Looking for a well-paid, challenging job but don't want to commit to anything too long-term? Happy to work under an ever-so-slightly demanding owner, and with a captain who is not-even-slightly afraid to speak his mind? Partial to the works of Elton John?
Well, there's a vacancy at a Hertfordshire-based football club that might just be the answer to your prayers.
But with this vacancy comes a big, bold warning - please owner Gino Pozzo with a beautiful brand of attractive, successful football, or face the axe when you least expect it. Things have been a bit crazy - bordering on utterly barking mad - at Vicarage Road since 2015, when the club were promoted back to the Premier League.
They've gone through bosses like no nobody's business, with Nigel Pearson the latest in a long, long line of you didn't deserve that mate casualties.
So to honour how silly things have become, 90min has done the honourable thing - by ranking every sacking sanctioned by Watford's trigger happy owner, based on how absolutely crazy the decision was. Enjoy.
7. Walter Mazzarri
Walter Mazzarri? You know, the guy who took Watford to 17th and the fourth round of the FA Cup? From the unforgettable season where Troy Deeney top-scored in all competitions with a whopping ten goals? You seriously don't remember him?
In fairness to the Pozzo family, the levels of enthusiasm were not exactly sky high for one of management's great journeymen, on his eighth club after seemingly coaching half of Italy. In fact, when your own fans are shouting 'OFF, OFF, OFF' at you after a confrontation with the referee, it could well be time to move on.
The move just wasn't right for Watford or the former Inter manager, who, depending on who you listened to was laid low by his lack of English, the cardinal sin of attempting to sell Deeney, or the Hornets' lack of ambition (this last one obviously came from Mazzarri, who in the same interview boasted of his somewhat unambitious achievement of getting Watford to 40 points.)
Still, a great pub quiz answer in ten years' time.
Craziness of Exit: 4/10
Resemblance to Alec Baldwin: 10/10
6. Javi Gracia
The sacking of Javi Gracia will probably always be seen as unjustifiable in the context of what came before and what came afterward, but it's difficult to say whether the man himself would've lasted much longer at Vicarage Road.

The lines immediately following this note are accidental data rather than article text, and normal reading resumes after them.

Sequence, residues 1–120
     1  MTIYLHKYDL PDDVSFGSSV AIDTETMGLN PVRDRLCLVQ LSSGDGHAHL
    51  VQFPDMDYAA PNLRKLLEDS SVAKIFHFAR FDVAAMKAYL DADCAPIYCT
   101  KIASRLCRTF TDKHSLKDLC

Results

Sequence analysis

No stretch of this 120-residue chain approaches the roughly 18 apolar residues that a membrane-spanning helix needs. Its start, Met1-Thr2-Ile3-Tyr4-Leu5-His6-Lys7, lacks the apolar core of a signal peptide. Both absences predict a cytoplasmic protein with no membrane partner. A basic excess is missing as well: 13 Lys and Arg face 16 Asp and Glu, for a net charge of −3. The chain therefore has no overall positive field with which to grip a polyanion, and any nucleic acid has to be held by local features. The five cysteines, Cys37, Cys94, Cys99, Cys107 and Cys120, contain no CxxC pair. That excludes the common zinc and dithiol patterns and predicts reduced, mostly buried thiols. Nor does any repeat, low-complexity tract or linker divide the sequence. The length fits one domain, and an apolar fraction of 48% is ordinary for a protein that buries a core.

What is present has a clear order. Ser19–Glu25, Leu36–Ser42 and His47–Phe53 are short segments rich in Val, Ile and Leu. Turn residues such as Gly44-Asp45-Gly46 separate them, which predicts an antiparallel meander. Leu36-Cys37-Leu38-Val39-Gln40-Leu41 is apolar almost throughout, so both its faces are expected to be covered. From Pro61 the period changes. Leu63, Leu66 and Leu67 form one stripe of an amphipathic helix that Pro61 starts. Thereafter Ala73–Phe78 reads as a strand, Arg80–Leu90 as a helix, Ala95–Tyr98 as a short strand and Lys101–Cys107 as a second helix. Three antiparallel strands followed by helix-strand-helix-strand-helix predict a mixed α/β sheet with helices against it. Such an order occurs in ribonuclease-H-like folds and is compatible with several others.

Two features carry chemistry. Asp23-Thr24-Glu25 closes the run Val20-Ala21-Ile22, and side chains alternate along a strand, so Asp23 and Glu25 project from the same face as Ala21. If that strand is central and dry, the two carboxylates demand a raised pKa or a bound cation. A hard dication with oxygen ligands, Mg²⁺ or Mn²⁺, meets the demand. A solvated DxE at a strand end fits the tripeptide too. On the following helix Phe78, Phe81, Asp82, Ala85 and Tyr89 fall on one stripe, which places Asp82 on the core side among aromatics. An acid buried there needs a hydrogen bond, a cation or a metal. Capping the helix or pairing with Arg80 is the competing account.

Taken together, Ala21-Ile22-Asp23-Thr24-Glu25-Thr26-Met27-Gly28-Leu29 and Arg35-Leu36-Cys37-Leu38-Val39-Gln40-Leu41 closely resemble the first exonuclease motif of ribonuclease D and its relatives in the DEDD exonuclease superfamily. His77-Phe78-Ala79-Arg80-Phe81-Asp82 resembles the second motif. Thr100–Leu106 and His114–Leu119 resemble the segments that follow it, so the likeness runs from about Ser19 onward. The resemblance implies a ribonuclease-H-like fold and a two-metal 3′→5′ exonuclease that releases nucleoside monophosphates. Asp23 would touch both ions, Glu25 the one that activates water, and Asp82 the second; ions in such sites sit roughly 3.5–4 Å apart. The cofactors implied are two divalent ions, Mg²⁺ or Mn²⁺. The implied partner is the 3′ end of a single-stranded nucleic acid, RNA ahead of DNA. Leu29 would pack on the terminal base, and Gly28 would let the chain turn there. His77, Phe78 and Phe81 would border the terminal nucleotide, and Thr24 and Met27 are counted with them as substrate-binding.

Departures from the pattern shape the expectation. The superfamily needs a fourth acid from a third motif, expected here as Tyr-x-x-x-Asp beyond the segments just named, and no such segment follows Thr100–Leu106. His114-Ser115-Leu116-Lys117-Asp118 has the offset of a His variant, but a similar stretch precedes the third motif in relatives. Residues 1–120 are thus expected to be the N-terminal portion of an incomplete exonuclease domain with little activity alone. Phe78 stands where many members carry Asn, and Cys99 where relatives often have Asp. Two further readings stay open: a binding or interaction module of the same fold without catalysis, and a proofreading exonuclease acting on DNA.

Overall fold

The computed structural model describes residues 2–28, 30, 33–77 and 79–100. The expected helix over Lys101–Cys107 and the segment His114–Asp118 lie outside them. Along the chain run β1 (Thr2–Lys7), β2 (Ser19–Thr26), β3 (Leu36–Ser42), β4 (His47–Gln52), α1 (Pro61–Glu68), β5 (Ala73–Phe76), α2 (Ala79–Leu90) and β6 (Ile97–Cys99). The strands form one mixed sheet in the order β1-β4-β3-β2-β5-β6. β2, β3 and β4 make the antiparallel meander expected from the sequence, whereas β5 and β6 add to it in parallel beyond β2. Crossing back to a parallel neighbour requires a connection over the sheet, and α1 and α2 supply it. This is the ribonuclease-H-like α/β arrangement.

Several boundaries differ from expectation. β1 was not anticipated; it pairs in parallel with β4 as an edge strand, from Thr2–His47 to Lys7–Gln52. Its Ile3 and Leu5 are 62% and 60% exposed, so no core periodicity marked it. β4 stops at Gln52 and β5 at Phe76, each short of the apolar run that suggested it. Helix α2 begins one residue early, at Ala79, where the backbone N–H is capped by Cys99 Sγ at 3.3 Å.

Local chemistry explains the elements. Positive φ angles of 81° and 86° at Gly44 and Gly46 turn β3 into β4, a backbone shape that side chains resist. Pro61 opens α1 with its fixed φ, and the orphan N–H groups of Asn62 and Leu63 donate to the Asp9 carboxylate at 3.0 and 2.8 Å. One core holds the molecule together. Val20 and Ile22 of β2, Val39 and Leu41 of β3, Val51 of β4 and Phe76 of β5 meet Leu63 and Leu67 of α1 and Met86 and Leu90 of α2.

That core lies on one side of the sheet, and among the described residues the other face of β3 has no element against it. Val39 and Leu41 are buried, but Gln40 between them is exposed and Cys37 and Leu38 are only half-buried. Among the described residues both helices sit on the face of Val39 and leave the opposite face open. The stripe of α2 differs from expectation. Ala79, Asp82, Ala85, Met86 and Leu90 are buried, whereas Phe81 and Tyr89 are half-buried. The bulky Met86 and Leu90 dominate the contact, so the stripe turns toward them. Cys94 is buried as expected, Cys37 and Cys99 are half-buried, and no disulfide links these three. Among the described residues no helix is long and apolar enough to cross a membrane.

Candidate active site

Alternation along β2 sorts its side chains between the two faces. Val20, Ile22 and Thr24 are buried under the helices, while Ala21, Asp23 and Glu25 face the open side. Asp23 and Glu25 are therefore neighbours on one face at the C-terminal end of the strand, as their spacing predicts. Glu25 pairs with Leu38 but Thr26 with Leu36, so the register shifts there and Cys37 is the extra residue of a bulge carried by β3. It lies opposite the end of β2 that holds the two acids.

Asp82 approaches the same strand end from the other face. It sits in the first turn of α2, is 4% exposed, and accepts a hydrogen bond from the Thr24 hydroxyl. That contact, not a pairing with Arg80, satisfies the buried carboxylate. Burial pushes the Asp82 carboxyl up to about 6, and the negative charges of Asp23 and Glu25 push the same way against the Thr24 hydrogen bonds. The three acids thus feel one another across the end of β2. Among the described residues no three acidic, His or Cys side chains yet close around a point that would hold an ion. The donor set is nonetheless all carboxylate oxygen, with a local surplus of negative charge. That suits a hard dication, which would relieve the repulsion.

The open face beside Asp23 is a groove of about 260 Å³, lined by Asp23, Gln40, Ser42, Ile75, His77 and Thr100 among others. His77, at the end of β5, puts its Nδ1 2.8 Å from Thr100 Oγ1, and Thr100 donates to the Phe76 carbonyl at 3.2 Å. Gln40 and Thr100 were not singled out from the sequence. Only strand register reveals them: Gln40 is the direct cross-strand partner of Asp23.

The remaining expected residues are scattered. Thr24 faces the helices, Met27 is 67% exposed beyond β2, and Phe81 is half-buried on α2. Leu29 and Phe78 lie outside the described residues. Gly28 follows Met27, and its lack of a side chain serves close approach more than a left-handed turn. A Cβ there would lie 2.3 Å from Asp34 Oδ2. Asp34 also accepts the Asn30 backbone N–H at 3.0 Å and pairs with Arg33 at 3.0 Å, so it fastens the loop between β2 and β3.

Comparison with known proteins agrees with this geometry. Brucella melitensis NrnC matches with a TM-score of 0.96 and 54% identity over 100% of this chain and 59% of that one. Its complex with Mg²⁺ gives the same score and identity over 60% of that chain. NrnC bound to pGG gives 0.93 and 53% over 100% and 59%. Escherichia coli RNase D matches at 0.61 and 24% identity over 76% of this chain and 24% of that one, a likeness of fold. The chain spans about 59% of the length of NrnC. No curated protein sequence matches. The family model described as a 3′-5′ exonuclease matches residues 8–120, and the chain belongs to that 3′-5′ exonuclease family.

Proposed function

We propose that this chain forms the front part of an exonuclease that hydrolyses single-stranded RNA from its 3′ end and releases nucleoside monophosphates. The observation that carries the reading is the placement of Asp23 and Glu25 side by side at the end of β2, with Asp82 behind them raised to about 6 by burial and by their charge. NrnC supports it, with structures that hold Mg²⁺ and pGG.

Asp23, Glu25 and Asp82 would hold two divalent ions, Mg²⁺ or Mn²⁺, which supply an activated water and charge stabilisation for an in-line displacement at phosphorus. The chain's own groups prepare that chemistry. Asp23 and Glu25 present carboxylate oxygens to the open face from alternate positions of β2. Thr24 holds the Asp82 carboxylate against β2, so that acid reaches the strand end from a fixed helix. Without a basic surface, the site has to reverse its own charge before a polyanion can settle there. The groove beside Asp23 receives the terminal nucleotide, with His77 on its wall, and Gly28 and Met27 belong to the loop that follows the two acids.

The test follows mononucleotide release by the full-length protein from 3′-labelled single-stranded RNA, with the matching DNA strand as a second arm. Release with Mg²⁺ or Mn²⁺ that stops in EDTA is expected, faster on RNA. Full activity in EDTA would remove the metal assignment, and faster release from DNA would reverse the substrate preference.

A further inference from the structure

Graham Taylor might have slipped Gracia's mind when he defiantly claimed to have delivered the 'best season in Watford's history' having been sacked, but you'd be a choosy Watford supporter indeed to turn down 11th and an FA Cup Final (the less said about the final in question, the better).
But Watford's form in the aftermath of their astonishing FA Cup semi-final win over Wolves was - a bit like Gracia - not great, not awful... but just a bit 'meh'. They won just once after Gerard Deulofeu's Wembley heroics, against a Huddersfield side who were basically a free hit at that stage, and although they always looked somewhat capable of winning, when the bad form carried over into next season, you can hardly blame Pozzo for twisting instead of sticking.
Craziness of Exit: 5/10
Learning About Getting Sacked While Picking Up Your Kids From School: 0/10
5. Quique Sánchez Flores (Second Spell)
Even Watford managers aren't immune to that old chestnut about history repeating itself as farce, and it doesn't get more farcical than Watford turning to their old flame Sánchez Flores to dig them out of trouble - a reunion which lasted precisely ten league games.
To be clear, there wasn't anything remotely controversial about sacking Sánchez Flores the second time round - it's generally considered pretty difficult to survive an eight-goal losing margin, even if it is against Manchester City (although as Ralph Hasenhüttl will tell you, nine-goal defeats seem a little easier to navigate).
But turning to a guy who had already been deemed surplus to the ambitions of your football club? Well, that just seems a little counter-intuitive if you ask us.
Craziness of Exit: 7/10
On-Again / Off-Again Relationship With Watford: Strangely touching
4. Nigel Pearson
James MacArthur, Mel Morris, the ostrich community... Nigel Pearson himself would admit that he isn't everyone's cup of tea. In spite of that, he's a pretty good manager, and proved exactly that by lifting a Watford side who were six points adrift of safety - having won one game in 15 - to a fighting chance of Premier League survival this season.